Lionsgate Home Entertainment // R // $24.99 // April 15, 2014
Review by William Harrison | posted April 28, 2014
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Director Eric Rochant's thriller Mobius tries to be a bit too clever with its cat-and-mouse financial trading games, spinning a web of deception that is more convoluted than intriguing. There's pleasure to be had watching the talented, good-looking cast cavort around exotic international locations, but the narrative doesn't stand up to inspection. Jean Dujardin plays a Russian secret agent, Cecile de France an international trader, and Tim Roth the head of a powerful investment bank. The trio's lives collide over unethical business practices and high-stakes trading in a string of mutual bad decisions that stretches from Monte Carlo to Moscow. The film is slick, nicely shot and reasonably entertaining, but leaves you with little more than a headache when its 103 minutes are up.

Alice's (de France) career as a financial broker in the United States went up in smoke when she jumped ship and flipped on collapsing Lehman Brothers. She flees to Europe for work but is hired to spy on Russian businessman Ivan Rostovsky (Roth) in order to earn back her right to work at home. Russian agent Moise (Dujardin) is also tasked with tailing Rostovsky, who operates with military grade private security and appears anything but trustworthy. The three bob and weave through a complex game of international finance and personal backbiting, and Mobius is quick to throw in red herring after red herring about each player's allegiances and motives.

Rochant wants desperately to evoke the intrigue of Hitchcock but doesn't find the right balance between suspense and bed-hopping. Rostovsky ignores his instinct that Alice is a phony and instead focuses on getting her into bed. A tense ride in his Range Rover seems headed for murder or sexual assault, but the magnate backs down with a sigh that seems to indicate a weariness with his own complex. Alice and Moise are scoping the same target, which makes them ripe for hooking up. They flirt inside a trendy nightclub and independently decide to ditch their assignments to have an extended sex scene. This leads to another hour of screwing and screaming, giving the impression that a few snips in the editing room might have turned Mobius into a deliciously trashy melodrama.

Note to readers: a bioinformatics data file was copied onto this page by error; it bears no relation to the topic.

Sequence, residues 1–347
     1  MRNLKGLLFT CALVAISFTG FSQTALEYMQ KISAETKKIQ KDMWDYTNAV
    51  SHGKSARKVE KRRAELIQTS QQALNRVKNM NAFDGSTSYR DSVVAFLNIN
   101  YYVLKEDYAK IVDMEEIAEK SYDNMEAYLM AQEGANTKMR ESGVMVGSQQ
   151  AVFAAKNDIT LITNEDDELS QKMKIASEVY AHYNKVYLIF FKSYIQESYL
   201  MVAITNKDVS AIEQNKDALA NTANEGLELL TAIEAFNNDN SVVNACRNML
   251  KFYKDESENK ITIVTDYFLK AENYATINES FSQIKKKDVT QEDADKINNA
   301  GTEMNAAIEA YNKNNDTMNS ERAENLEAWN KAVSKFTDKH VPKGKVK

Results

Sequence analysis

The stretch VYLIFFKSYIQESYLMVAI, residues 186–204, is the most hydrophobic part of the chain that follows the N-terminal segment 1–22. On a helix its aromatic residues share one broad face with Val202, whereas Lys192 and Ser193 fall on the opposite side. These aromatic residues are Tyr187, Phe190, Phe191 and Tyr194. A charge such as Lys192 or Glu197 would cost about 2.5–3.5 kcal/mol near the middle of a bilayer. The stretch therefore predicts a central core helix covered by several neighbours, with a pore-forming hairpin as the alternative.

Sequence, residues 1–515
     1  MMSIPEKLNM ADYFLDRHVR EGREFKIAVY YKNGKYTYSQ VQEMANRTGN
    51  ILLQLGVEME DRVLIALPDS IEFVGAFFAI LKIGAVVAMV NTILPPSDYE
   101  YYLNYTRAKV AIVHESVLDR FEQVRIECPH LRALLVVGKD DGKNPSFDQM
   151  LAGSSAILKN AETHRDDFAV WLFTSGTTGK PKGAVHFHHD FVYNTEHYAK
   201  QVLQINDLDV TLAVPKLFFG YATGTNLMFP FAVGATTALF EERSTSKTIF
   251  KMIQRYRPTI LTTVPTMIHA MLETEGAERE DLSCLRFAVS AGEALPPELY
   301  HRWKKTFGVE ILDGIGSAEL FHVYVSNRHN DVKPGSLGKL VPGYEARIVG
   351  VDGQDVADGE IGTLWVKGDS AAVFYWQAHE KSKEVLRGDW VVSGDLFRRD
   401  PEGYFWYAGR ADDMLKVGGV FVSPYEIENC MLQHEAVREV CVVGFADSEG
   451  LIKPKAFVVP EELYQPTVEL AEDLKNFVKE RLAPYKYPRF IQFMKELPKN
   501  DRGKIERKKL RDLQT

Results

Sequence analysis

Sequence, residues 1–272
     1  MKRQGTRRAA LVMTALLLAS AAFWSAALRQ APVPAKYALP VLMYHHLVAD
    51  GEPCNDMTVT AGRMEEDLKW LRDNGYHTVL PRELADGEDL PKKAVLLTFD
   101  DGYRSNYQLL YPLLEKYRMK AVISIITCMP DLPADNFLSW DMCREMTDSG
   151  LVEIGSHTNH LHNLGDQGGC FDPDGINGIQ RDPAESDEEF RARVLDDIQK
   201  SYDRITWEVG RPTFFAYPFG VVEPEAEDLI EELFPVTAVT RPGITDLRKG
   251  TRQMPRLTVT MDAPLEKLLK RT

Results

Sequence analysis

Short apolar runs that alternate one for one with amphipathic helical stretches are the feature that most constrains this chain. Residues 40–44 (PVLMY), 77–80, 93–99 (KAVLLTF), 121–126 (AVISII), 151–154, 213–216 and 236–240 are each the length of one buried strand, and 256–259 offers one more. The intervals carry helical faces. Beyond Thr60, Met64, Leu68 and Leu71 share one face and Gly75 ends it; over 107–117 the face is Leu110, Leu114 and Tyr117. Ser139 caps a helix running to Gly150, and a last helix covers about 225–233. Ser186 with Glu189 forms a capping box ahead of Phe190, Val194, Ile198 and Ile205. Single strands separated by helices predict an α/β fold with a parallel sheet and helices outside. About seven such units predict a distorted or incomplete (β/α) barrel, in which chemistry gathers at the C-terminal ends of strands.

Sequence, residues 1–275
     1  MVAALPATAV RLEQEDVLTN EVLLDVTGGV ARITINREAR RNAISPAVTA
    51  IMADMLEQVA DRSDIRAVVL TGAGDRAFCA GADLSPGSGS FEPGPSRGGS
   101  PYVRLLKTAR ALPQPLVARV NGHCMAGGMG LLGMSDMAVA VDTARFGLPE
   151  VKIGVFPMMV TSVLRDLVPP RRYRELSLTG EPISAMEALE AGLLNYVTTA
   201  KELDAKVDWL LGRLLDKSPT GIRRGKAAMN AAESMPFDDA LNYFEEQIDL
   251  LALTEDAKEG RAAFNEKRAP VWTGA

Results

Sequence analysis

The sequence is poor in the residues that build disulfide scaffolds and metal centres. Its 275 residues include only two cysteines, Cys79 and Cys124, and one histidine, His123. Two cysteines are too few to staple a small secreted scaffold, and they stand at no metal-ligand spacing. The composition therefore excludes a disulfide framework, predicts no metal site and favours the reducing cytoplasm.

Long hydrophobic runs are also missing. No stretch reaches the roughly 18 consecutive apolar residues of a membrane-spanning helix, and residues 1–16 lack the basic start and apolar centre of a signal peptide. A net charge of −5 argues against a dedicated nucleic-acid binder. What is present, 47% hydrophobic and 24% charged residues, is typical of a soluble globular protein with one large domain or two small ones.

By the time "Friday Night Lights" actor Brad Leland describes the titular Mobius strip - a continuous loop with only one side and one edge - the film has dropped its playful tone and become something of an overbearing showoff. There are lots of unexplained detours and convenient characters thrown in along the way, and Mobius eventually unravels and, unlike the Mobius strip, crosses and re-crosses itself without making good on its promises. The lead actors are pretty and perform well, and Rochant has a good eye for framing and shot composition. A narrative not built on lies and misdirection may have helped revive Mobius, which cannot coast along on flash and charisma alone.



The 2.40:1/1080p/AVC-encoded image from Lionsgate looks good if a little soft at times. The beautiful scenery is supported with solid detail and texture. Wide shots are deep and clean, and close-ups reveal intimate facial features. There's a bit of a gauzy look to some scenes, which may be intentional, and the contrast is subdued at times. Skin tones are accurate and colors are nicely saturated. Black levels are good and noise reduction is MIA.


The English 5.1 DTS-HD Master Audio soundtrack, which features plenty of French and Russian dialogue, is nicely mixed, with the multilingual dialogue coming through crisp and clean. Ambient and action effects make good use of the surround speakers, and the subwoofer supports the score. The pounding club music rocks the surrounds and bass, and both effects and dialogue are frequently directional and nicely spaced. English SDH, English and Spanish subtitles are included; the Russian and French dialogue is translated via forced subtitles.


The disc features three EPK-style featurettes: A Great Couple of Cinema (4:18/HD), about Dujardin and de France's characters; An International Cast (3:59/HD); and The Mobius Ribbon (1:53/HD). There are also Interviews with Writer/Director Eric Rochant and Actors Tim Roth, Jean Dujardin and Cecile de France (41:18 total/HD). Things wrap up with the film's Trailer (2:01/HD).


Slick and twisty but mostly a charade, Mobius features an appealing international cast and some beautiful settings. The visuals and acting alone cannot distract from the convoluted narrative, and Mobius frustrates more than it entertains. Rent It.

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